Finance pick would consider mortgage rates
At his nomination hearing at the National Assembly on Wednesday, Kim said government branches will conduct inspections to deal with the heating real estate market.
LTV and DTV ratios are set once a year and current regulations end next month. The LTV ratio stands at 70 percent and the DTV ratio is 60 percent. The ratios were about 50 percent before regulations were eased in 2014. The ruling Democratic Party said that easing regulations has raised household debt and housing prices significantly. When toughening the regulations, the amount of money that can be borrowed for homes will be reduced.
“I will decide whether to toughen [qualifications on mortgages] after thoroughly reviewing the issue with related government branches,” said Kim. “But the government is very determined about not allowing speculations in the real estate market.”
Among the Moon Jae-in administration’s many policy goals, the biggest focus is boosting the sluggish labor market, including raising the minimum wage. Kim on Wednesday said he will be careful on this issue.
In order to have the minimum wage rise to 10,000 won ($8.90) by 2020, “wages should rise 15.7 percent year-on-year on average and I think we need to consider various factors, such as conflicts rising from small and mid-size firms and the self-employed,” Kim said.
In fact, the opposition parties have continued to attack President Moon’s policies regarding the labor market arguing they are less realistic. The People’s Party’s Lee Un-joo said in a release on Wednesday that Moon’s goal to raise the minimum wage from the current 6,470 won to 10,000 won in 2020 is like making a fool of people.
Lee added that the hike in the minimum wage will eventually drag down the number of workers in the country, since small-business owners will be financially burdened by it. “There is research showing the 10 percent rise in the minimum wage drags down 1.5 percent of full-time jobs available in the country,” she added.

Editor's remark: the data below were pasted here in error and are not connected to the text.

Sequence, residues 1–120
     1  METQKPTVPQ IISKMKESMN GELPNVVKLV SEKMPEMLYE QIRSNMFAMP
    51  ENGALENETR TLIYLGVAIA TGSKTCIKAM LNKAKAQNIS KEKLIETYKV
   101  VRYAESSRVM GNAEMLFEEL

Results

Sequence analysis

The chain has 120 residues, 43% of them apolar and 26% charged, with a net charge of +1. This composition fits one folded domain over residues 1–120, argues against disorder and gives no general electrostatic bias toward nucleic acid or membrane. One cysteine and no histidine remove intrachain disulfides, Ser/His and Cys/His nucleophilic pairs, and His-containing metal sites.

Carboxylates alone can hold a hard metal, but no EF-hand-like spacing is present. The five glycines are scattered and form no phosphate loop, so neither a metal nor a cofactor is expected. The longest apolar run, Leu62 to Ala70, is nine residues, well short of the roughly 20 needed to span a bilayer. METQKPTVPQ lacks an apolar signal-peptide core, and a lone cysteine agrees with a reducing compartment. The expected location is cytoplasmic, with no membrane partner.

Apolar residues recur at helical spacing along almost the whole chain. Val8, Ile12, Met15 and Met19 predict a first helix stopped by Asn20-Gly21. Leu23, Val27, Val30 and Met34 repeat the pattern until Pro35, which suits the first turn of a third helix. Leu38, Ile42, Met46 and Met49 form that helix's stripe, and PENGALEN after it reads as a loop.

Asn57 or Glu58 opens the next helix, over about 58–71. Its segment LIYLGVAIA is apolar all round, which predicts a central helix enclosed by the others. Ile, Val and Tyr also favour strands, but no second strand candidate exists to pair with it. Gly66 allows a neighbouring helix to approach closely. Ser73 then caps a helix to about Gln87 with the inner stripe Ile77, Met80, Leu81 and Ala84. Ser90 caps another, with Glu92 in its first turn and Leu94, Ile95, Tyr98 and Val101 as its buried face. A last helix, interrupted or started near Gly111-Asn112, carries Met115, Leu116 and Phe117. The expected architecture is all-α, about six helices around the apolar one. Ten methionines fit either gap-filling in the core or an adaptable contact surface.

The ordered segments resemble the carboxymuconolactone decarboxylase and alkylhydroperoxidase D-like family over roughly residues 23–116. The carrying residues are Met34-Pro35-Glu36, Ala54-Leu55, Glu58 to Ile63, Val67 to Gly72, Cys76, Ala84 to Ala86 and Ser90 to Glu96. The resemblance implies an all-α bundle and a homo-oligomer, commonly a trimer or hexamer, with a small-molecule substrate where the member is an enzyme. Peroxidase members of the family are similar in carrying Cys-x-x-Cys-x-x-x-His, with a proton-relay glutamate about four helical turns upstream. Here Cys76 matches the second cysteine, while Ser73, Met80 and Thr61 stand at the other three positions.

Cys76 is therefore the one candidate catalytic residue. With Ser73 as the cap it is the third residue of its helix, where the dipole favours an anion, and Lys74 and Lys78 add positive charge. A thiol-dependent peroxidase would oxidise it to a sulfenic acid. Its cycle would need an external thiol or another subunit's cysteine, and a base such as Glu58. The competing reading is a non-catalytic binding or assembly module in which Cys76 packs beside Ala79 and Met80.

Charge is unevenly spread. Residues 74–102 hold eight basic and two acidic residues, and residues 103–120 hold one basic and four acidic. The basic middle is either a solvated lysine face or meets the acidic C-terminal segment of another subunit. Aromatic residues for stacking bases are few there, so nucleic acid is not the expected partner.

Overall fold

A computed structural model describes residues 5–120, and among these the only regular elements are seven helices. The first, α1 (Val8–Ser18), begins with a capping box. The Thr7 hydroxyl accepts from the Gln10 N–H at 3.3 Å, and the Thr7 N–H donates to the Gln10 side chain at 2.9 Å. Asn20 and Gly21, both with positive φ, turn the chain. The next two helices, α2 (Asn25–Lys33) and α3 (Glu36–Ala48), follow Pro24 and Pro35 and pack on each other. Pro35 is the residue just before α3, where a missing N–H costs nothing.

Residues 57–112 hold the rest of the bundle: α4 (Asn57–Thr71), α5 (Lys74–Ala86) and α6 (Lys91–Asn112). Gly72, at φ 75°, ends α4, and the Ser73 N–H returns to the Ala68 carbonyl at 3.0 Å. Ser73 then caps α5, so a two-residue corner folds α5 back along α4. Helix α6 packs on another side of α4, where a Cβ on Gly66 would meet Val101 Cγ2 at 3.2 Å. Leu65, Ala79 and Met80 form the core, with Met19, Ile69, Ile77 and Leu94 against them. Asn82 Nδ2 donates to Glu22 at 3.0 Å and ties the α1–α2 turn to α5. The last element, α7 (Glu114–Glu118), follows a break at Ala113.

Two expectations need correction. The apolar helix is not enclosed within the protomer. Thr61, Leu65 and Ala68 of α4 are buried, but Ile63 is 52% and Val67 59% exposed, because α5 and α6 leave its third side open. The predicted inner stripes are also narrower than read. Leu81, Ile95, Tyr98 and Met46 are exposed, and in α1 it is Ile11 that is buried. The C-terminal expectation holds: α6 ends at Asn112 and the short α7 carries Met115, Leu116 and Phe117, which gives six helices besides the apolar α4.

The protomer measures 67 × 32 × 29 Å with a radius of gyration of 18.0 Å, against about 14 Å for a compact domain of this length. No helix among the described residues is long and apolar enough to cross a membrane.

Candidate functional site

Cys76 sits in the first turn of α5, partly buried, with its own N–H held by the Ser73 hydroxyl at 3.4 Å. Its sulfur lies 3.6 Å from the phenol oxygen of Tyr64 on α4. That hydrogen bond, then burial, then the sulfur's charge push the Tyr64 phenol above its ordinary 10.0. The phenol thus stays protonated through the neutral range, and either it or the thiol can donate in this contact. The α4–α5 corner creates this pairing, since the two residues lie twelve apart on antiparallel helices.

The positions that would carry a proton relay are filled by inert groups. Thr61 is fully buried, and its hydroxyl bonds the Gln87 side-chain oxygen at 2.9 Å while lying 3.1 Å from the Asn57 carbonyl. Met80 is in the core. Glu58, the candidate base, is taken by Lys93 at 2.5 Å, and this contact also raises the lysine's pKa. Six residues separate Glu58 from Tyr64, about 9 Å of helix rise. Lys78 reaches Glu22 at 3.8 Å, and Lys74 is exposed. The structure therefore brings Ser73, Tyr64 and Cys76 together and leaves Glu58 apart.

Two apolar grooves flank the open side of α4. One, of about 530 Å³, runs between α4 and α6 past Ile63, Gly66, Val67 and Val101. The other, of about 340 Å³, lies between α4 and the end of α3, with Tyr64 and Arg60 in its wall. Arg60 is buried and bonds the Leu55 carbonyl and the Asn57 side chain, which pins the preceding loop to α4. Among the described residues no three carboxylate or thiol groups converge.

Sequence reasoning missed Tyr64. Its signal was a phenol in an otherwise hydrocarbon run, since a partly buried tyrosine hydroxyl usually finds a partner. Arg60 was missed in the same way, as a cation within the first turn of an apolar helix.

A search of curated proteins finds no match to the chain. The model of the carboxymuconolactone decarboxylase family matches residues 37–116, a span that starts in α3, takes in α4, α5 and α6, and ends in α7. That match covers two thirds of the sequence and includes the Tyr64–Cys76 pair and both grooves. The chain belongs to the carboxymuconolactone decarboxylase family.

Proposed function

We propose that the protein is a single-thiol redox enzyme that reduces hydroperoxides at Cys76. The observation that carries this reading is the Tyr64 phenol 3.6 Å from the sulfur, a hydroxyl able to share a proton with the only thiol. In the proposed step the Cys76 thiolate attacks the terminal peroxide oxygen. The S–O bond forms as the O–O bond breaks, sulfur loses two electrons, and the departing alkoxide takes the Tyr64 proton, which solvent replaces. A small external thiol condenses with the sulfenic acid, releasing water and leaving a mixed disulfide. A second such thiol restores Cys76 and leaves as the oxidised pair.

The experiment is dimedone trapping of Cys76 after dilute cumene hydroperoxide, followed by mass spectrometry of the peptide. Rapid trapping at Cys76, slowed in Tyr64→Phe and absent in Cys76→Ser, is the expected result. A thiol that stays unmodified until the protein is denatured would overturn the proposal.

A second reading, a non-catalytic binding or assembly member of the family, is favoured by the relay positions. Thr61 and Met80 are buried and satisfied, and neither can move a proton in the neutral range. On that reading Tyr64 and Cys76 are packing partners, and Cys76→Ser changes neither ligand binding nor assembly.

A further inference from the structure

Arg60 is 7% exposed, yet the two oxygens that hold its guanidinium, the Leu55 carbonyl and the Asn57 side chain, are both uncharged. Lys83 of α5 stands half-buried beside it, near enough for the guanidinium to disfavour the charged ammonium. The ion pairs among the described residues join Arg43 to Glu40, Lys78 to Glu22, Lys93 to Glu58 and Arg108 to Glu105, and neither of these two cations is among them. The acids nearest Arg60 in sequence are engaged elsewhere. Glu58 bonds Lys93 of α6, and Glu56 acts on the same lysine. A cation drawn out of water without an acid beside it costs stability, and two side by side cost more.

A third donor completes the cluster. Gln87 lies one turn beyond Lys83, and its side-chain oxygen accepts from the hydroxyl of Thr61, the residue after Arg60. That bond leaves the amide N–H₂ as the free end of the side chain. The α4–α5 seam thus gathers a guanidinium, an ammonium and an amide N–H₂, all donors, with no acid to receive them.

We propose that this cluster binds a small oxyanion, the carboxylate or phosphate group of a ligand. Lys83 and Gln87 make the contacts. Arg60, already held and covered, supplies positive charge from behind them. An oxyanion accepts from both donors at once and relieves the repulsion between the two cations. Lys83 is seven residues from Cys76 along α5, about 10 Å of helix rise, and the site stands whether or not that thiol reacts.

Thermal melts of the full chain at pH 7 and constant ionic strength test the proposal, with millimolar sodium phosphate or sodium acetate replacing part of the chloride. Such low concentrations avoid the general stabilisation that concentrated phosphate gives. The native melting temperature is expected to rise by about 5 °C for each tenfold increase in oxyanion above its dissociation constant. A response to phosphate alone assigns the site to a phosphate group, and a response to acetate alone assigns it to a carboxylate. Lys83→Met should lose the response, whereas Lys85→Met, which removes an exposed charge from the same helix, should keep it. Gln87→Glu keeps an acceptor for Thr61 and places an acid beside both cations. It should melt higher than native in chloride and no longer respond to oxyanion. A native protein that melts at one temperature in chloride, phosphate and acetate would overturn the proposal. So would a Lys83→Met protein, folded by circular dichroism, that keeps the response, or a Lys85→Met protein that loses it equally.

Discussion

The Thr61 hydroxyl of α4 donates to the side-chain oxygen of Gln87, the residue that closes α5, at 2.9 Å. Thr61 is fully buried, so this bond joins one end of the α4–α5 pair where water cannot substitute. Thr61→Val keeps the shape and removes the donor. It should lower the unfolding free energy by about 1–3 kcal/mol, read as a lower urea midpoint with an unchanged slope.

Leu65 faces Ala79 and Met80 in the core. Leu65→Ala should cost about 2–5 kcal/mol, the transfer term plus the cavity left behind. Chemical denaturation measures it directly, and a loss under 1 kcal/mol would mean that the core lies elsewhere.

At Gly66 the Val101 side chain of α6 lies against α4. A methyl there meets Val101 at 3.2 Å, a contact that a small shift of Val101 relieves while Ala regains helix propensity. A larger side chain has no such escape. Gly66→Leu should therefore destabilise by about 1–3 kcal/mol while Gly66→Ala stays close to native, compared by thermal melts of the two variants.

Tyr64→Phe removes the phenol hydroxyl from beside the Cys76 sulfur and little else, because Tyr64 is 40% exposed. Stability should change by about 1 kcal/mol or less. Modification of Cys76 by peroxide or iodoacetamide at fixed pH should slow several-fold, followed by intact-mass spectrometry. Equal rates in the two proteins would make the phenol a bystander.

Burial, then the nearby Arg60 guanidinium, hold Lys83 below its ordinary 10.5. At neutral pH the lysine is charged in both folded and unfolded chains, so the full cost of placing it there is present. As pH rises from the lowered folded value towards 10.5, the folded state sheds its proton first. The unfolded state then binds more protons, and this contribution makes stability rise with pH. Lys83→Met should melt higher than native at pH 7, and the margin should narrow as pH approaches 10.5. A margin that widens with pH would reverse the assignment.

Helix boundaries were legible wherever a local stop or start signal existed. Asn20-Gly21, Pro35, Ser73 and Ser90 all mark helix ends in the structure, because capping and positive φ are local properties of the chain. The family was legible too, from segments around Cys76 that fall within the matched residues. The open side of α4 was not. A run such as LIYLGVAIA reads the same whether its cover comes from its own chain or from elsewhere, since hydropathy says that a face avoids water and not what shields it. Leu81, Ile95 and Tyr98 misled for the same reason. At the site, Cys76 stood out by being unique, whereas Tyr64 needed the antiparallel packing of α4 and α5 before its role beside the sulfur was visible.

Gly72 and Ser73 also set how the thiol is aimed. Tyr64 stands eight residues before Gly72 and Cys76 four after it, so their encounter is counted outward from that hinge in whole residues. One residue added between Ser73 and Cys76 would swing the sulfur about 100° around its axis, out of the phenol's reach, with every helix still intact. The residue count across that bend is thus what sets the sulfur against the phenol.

Kim also remained cautious about raising corporate taxes, saying that it’s time for the government to consider other factors such as tax exemptions and cuts, instead of making changes to corporate ones.
Meanwhile, Kim said he will prioritize three policies, which include investing in people, fair markets and innovative growth.
“I am working on having the economy sustainably grow from now on with having people take key roles in the system,” Kim said. “In order to do so, I believe improving our potential to grow further is essential through increasing number of available jobs and easing polarization in the job market.”
He added that Korea’s gross national income per capita surpassed $20,000 in 2006 but remained below $30,000 since, and that the next five years will be crucial for the country.
Meanwhile, the National Assembly’s state affairs committee on Wednesday postponed adopting the confirmation report of Kim Sang-jo, a nominee to head the Fair Trade Commission, due to scandals surrounding him. The four ruling and opposition parties decided to discuss the issue again.
Under current law, the confirmation hearing process should be finished 20 days after the nomination and Thursday marks the deadline. If the lawmakers fail to agree by Thursday, the Blue House can ask the National Assembly to review it for another 10 days.
BY KIM YOUNG-NAM [firstname.lastname@example.org]